Origin Story

Genesis 9:18-29
December 3, 2017
Abraham Hong

 

All people have stories. But perhaps the most interesting ones are origin stories. For example, in the movie Batman Begins, there is the story of Bruce Wayne who emerges from the death of his parents and becomes a hero for Gotham City. In the world of sports, athletes share their stories about the people and circumstances that shaped them when they were growing up and made them who they are today. And over coffee or tea, few things are better than listening to your parents tell the story of how they first met.

Origin stories can captivate us because they reveal why things are the way that they are. And today’s story about Noah and his three sons is very much an origin story. It reveals the origin of the Canaanites, who were enemies of the nation of Israel. The Canaanites were the descendants of Canaan. Canaan was a son of Ham. Ham was a son of Noah. And Ham was cursed because he saw the nakedness of his father Noah and told his two brothers. And Noah was naked and uncovered because he got drunk from wine.

What an origin story! Israel would have and should have been captivated by it. On one level, they would have and should have remembered it when God commanded Israel in Deuteronomy 7:1-3 to defeat the Canaanites and devote them to destruction. But on another level, they would have and should have remembered it because they were waiting for the one who would crush the head of the serpent, the one whom Paul in 1 Corinthians 15:45 would majestically call the last Adam. Israel would have and should have been captivated by the story of Noah and his three sons. Because it is really an origin story about the ultimate origin story.

When Noah got drunk, he was doing something profound. He was abusing God’s creation for his own personal glory. There was nothing wrong with having a vineyard. And there was nothing wrong with drinking wine. But what made Noah totally wrong was that he twisted and distorted and abused God’s creation. And he did it for his own personal glory. We know this because we know the poetic penalty and result of his drunkenness. Noah was uncovered and naked in his tent. The penalty for Noah’s sin of personal glory was personal shame.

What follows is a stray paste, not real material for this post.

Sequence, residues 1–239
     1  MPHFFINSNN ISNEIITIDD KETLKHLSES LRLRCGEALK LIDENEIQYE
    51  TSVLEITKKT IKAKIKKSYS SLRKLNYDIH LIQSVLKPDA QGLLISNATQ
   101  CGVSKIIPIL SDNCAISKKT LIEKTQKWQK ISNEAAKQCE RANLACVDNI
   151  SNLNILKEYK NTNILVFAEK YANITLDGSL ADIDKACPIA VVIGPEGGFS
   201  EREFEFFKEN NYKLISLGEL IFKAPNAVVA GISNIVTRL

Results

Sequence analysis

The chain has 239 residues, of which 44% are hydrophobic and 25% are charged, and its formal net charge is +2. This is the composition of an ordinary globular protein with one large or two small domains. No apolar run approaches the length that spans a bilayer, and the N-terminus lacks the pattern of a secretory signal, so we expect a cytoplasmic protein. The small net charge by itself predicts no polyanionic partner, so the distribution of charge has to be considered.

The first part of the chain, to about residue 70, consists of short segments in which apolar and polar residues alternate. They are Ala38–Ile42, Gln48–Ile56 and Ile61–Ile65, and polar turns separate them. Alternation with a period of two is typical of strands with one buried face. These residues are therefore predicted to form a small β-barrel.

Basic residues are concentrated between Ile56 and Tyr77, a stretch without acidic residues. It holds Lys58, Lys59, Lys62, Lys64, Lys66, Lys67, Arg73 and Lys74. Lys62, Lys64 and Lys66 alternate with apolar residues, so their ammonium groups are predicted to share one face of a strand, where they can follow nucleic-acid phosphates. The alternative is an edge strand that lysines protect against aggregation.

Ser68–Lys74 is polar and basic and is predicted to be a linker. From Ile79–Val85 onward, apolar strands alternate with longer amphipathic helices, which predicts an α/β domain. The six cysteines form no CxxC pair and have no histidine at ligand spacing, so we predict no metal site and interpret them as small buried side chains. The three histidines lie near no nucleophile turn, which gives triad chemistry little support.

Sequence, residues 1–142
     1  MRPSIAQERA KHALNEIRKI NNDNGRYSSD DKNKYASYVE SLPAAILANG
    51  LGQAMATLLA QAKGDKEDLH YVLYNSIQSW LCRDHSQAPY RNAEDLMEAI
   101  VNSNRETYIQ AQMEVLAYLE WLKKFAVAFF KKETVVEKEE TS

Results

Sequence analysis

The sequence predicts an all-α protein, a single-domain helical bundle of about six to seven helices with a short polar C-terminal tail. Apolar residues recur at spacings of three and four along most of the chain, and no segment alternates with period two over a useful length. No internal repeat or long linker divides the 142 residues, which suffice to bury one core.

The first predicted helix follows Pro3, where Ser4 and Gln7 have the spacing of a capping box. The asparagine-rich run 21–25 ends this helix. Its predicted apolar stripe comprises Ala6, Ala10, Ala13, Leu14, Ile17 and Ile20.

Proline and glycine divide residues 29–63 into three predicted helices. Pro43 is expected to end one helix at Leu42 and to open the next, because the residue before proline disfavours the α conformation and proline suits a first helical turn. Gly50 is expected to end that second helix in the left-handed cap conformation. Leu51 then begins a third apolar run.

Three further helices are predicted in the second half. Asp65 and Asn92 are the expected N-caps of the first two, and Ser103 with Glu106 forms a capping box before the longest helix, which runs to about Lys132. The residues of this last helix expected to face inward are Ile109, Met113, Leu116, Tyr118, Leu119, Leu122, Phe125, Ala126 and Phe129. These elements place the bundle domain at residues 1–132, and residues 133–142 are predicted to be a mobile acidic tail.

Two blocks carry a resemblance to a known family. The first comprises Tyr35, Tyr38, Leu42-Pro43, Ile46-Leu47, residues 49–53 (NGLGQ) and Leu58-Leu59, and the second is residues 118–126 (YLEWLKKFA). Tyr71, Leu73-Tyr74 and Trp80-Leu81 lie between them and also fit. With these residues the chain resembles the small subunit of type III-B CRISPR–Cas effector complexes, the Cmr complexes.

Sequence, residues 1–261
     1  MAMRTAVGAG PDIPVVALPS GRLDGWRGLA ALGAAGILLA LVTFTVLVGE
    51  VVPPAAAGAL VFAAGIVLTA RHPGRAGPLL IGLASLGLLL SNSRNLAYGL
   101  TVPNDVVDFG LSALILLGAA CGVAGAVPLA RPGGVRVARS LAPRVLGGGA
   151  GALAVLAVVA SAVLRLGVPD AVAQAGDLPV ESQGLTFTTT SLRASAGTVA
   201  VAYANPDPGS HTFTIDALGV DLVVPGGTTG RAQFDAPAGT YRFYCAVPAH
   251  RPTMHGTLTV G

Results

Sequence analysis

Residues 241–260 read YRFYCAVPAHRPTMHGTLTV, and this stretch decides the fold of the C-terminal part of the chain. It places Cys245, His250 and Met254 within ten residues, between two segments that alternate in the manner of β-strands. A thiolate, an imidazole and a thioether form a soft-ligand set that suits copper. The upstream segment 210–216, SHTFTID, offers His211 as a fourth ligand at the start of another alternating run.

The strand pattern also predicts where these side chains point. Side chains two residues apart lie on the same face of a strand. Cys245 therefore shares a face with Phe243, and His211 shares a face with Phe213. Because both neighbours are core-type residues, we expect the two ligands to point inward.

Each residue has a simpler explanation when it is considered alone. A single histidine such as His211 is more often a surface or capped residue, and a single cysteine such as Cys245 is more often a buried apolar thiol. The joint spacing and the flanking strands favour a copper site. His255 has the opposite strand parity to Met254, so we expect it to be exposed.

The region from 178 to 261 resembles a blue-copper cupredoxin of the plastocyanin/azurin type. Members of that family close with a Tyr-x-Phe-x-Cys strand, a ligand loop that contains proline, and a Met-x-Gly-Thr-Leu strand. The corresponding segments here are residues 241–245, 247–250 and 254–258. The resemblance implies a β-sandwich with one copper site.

Brothers and sisters, this is a very sad and serious thing. And when the people of Israel received this origin story, they would have and should have remembered Adam. For the parallels between Noah and Adam are sad but strong. Adam had a garden. Noah had a vineyard. Adam had guilt and shame in his nakedness. Noah had guilt and shame in his nakedness. This is a sad and serious story. Israel would have been reminded of the terrible effects of Adam’s sin against God and how the whole world was rightfully plunged into God’s punishment of suffering and death. Israel would have received this origin story and thought about the ultimate origin story of Adam and God.

When Ham saw the nakedness of his father and told his two brothers, he was doing something profound. He was committing sexual sin (We may not know this clearly from the text, but we do know this clearly from Leviticus 18 and 20) and he was dishonoring his father. Ham did not do what was righteous. He did not take the garment and lay it on his shoulders and walk backward and cover the nakedness of his father all while having his face turned backward. Instead, he saw his father with sin and perversion in his eyes and he amplified his father’s nakedness by declaring it to his brothers, perhaps even inviting them to join him in his sin and perversion.